Kim Kardashian’s gaudy fairytale nuptials lasted just 72 days.

Louis XIV, in all his decadence, ruled France for just over 72 years, making him the longest-reigning monarch in European history.

Somewhere in between lies Jackie Siegel, the wonderfully tacky, basketball-bosomed protagonist of Lauren Greenfield’s rags-to-riches-to-rags documentary, THE QUEEN OF VERSAILLES, which made its world premiere the opening night of the Sundance Film Festival.

Greenfield, an award-winning photographer whose 2006 documentary THIN tackled women with eating disorders, introduced her film as a tale of “what happens when life doesn’t go as planned and what’s found and what’s lost along the way.”

When we’re first introduced to Jackie, she’s writhing around uncomfortably on the lap of her curmudgeon of a husband, David Siegel—picture the senile grandpa in UP—who’s perched atop a solid gold throne. The Siegels, and their eight nanny-raised children, are living the high life replete with private jets, yachts, and all gold everything. Jackie, a former IBM engineer-cum-Miss Florida ’95 with a penchant for low-cut, boob-hugging dresses and stilettos, says she spends an average of $1 million per year on shopping. The hubby, meanwhile, is known as “the timeshare king,” operating 28 timeshare properties in 10 states under the banner of Westgate Resorts—the crown jewel being the PH Towers Westgate, an outrageously opulent Vegas skyscraper. Siegel, who is thirty years older than Jackie and loves ogling twentysomething Miss America contestants, often jokes that when she turns 40, he’ll “trade her for two twenty-year-olds.” Classy.

Not content with their lavish 26,000 square-foot mansion, dubbed ‘Seagull Island,’ the Orlando-based clan commenced construction on a 90,000 square-foot mega-mansion modeled after the Palace of Versailles, boasting 30 bathrooms, 10 kitchens, and the distinction of being the largest house in America.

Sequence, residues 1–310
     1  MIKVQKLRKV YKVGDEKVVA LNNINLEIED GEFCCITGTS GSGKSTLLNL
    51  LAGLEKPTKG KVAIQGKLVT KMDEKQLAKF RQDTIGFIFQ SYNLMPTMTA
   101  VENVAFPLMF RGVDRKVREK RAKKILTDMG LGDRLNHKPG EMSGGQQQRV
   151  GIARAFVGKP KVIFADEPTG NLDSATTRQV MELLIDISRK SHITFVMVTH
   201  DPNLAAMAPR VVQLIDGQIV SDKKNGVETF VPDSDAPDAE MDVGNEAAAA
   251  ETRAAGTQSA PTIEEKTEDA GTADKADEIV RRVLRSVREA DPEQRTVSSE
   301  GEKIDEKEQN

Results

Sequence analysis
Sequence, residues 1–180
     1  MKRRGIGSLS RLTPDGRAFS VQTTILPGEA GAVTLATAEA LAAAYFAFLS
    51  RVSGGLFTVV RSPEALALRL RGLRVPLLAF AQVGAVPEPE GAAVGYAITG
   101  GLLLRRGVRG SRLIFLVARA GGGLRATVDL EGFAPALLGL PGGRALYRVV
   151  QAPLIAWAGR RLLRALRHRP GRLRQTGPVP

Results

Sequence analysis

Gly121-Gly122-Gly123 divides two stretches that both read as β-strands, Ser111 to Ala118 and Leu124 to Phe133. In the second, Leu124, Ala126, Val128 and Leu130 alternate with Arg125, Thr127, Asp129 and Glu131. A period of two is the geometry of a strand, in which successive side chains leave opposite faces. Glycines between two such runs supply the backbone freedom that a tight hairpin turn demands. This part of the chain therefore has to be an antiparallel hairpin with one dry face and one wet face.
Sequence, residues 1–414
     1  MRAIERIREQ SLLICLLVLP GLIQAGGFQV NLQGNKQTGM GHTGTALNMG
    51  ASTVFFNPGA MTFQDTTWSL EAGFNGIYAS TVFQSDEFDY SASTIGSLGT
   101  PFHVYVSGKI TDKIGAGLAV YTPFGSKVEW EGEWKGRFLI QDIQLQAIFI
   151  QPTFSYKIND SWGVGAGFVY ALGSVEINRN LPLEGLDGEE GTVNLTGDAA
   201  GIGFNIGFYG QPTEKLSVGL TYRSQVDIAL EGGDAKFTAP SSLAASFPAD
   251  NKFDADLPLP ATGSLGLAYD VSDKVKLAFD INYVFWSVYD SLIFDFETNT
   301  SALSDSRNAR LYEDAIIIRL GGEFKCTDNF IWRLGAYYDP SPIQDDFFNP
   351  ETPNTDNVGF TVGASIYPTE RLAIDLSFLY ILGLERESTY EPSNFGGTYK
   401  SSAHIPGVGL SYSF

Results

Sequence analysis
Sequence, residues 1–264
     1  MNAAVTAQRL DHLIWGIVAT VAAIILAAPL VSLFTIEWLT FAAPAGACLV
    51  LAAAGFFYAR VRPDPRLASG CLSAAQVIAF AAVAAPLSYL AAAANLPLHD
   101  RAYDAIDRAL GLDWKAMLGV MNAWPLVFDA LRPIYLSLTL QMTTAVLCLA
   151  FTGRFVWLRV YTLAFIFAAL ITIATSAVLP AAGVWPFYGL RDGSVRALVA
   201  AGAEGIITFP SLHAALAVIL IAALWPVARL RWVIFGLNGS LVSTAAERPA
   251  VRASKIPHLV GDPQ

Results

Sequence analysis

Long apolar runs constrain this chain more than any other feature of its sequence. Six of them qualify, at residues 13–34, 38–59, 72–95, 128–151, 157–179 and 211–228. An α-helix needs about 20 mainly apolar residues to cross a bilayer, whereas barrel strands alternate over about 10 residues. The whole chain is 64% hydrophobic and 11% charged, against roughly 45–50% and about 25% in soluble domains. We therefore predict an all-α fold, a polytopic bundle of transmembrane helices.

Then, in Sept. 2008, it all came to an end. With the stock market crash, Siegel’s Westgate timeshare empire, which was long guilty of subprime mortgage lending to people who couldn’t afford them via timeshare sales, came crashing down, with Siegel forced to liquidate $350 million in assets. He attempted to unload his unfinished palace, which he had sunk $50 million into, for $75 million—to no avail—and Jackie and the family are forced to live on a budget, including—GASP—flying commercial. In one hilarious culture shock scene, Jackie asks a Hertz employee, “What’s my driver’s name?”

*David Siegel, it should be noted, filed a lawsuit Tuesday in Orlando federal court against the filmmakers and the Sundance Film Festival that claims press releases used to promote the documentary are defamatory, and claims that his timeshare empire collapsed, his palace is in ruin, and that he and his family have experienced a “rags-to-riches-to-rags story” are untrue—despite Siegel uttering that very line in the film.

As the Siegel family falls further and further into relative poverty, their dream mega-mansion transforms into a Grey Gardens-esque ghost manor. The Seagull Island home is covered in dog doo and pets drop dead from lack of care. One can’t help but view the Siegels, for all their delusions of grandeur, as a metaphor-caricature for the current recession. Against your better nature, you find yourself rooting for these maniac spenders to regain their former glory, making THE QUEEN OF VERSAILLES, in some ways, a bedazzled version of last year’s Sundance subprime saga, MARGIN CALL.

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